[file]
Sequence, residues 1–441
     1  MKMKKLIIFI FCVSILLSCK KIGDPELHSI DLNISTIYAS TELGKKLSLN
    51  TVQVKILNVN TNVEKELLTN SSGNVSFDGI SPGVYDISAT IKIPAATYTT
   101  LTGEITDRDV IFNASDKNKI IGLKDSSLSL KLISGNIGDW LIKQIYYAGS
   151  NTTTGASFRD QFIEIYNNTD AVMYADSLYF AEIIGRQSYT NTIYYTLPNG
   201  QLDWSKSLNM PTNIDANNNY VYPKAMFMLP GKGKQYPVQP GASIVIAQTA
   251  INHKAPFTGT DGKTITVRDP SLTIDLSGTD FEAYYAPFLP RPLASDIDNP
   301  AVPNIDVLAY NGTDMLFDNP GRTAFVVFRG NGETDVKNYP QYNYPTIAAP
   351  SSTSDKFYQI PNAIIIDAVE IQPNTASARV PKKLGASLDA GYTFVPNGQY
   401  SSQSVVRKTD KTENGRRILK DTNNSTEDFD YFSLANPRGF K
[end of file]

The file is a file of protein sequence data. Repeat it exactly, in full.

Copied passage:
Sequence, residues 1–441
     1  MKMKKLIIFI FCVSILLSCK KIGDPELHSI DLNISTIYAS TELGKKLSLN
    51  TVQVKILNVN TNVEKELLTN SSGNVSFDGI SPGVYDISAT IKIPAATYTT
   101  LTGEITDRDV IFNASDKNKI IGLKDSSLSL KLISGNIGDW LIKQIYYAGS
   151  NTTTGASFRD QFIEIYNNTD AVMYADSLYF AEIIGRQSYT NTIYYTLPNG
   201  QLDWSKSLNM PTNIDANNNY VYPKAMFMLP GKGKQYPVQP GASIVIAQTA
   251  INHKAPFTGT DGKTITVRDP SLTIDLSGTD FEAYYAPFLP RPLASDIDNP
   301  AVPNIDVLAY NGTDMLFDNP GRTAFVVFRG NGETDVKNYP QYNYPTIAAP
   351  SSTSDKFYQI PNAIIIDAVE IQPNTASARV PKKLGASLDA GYTFVPNGQY
   401  SSQSVVRKTD KTENGRRILK DTNNSTEDFD YFSLANPRGF K